NO OTHER public appointment within the experience of this observer has received such sincere and unqualified acclaim from all political factions as General George C. Marshall’s to the Secretaryship of State. This really tremendous expression of confidence in his integrity and wisdom will help him in his new tasks, up to a point.
He has further fortified his position by his unequivocal statement that he would never accept a political office. By that he meant axx elective office filled by the nomixxee of a political party. His declaration quashed conjecture that President Truman wanted to build him up for the Democratic presidential or vice-presidential nomination in 1948. This makes it easier for the Republicans, who control Congress, to co-operate with him.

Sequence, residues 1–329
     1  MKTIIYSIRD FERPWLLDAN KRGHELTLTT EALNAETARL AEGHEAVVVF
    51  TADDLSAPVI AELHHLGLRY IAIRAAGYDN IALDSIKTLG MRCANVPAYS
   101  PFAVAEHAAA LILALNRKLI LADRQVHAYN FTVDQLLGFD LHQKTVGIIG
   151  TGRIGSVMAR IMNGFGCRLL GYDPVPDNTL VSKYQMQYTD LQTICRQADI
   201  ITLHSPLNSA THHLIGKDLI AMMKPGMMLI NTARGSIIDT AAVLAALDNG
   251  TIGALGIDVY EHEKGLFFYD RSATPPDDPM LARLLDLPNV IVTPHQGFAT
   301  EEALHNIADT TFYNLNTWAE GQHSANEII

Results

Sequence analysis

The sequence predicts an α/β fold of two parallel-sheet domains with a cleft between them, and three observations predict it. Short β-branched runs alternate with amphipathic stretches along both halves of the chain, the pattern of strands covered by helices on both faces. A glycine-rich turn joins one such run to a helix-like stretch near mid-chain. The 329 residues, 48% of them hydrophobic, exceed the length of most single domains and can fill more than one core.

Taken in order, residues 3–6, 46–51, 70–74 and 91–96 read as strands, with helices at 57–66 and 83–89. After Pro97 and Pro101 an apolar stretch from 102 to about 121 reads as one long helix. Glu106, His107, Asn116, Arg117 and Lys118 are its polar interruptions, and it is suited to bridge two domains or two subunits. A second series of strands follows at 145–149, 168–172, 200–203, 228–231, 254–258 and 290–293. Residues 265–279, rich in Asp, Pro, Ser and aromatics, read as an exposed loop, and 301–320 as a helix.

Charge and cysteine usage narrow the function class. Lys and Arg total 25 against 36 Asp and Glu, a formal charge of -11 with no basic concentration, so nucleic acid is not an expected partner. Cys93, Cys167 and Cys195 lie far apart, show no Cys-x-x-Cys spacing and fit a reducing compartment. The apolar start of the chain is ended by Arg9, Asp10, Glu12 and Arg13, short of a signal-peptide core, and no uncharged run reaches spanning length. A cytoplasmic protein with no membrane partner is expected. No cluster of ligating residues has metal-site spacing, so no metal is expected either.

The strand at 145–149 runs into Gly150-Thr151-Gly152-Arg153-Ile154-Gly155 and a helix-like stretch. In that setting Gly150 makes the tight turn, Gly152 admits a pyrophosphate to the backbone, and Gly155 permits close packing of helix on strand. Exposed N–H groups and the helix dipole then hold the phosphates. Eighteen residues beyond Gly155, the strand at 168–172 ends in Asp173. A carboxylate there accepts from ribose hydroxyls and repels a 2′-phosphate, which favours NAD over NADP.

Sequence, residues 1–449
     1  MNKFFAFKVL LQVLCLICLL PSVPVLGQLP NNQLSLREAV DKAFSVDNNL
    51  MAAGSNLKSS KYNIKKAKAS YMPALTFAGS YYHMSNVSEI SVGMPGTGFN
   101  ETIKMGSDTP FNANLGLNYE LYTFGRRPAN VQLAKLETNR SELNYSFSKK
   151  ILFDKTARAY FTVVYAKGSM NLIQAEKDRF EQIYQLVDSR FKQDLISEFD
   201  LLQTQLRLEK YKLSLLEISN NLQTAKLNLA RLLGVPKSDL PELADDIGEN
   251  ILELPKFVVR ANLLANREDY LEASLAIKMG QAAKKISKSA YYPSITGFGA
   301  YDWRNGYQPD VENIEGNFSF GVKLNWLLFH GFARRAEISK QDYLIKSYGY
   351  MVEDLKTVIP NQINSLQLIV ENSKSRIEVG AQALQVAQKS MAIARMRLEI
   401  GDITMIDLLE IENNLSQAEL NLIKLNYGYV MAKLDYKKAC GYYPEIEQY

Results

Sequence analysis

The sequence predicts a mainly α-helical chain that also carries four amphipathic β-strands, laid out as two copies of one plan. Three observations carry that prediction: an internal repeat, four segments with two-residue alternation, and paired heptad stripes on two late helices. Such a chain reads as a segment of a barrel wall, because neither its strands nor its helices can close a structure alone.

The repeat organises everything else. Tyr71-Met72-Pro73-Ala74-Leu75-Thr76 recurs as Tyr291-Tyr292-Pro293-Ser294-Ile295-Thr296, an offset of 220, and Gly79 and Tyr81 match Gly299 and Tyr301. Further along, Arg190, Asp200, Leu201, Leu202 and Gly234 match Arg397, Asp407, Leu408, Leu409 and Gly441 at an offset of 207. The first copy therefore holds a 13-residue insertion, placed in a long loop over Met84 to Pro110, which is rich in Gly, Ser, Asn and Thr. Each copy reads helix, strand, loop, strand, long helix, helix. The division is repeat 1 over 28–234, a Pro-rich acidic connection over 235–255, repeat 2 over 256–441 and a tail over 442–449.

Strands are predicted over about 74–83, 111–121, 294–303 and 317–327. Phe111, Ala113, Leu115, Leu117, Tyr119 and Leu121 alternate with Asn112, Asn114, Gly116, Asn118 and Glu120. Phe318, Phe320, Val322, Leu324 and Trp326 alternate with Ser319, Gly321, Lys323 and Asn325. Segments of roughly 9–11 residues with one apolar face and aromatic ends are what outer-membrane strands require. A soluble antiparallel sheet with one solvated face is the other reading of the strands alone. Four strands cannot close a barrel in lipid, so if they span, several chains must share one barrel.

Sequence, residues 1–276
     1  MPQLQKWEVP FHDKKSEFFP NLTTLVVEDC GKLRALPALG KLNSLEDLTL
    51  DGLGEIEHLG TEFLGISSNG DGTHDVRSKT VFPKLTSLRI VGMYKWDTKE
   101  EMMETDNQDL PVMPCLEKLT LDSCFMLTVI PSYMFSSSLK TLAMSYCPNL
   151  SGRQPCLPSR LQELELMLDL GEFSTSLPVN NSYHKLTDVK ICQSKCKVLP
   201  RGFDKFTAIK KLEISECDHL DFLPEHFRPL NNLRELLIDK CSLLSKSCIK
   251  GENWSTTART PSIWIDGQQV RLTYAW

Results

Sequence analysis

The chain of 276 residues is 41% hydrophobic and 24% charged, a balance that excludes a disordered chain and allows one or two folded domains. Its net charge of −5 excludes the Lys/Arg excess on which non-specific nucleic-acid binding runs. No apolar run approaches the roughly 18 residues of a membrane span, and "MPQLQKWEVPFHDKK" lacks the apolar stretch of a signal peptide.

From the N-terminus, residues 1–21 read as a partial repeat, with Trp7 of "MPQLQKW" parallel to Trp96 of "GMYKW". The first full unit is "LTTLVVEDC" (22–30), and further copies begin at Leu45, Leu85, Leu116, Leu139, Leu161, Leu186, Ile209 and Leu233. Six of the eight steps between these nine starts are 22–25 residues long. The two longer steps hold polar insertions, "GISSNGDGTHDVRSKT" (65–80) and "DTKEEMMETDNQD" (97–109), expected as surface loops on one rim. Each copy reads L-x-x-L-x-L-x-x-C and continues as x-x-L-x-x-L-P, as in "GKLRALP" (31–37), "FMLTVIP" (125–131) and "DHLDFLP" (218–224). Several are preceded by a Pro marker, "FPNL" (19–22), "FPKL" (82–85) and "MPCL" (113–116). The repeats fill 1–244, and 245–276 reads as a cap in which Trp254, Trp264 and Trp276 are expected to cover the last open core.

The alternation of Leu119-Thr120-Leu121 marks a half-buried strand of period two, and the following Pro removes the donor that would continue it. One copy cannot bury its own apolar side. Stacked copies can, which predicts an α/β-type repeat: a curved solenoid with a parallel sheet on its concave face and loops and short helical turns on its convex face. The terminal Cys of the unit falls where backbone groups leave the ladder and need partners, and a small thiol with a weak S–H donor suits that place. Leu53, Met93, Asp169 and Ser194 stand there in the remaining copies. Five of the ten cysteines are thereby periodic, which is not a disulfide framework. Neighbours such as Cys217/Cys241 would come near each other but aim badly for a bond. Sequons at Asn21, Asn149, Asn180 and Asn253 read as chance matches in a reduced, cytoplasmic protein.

However, all this applause has its dangers for the new Secretary of State. The principal oxxe is that it will lead the public to expect him to perforixx miracles. Although modest in bearing, he is a man of great self-confidence. He knows, though, that he is xxot a miracle-worker—that, indeed, there is no short sure road to a firm peace.
Marshall probably felt encouraged to subject his reputation to the risks of his xxew job by the public reaction to his diplomatic missioxx to China. He went there as ttie President’s special envoy to effect, peace between the Central Government and the Communists and their merger into a united regime. After a few months, he returned to Washington filled with optimism. But when he went back to China he found that the obstacles were more stubborn than he had expected. He failed. Nobody blamed him. On the contrary, he was applauded for his extraordinarily frank analysis of his failure.
Very few Americans,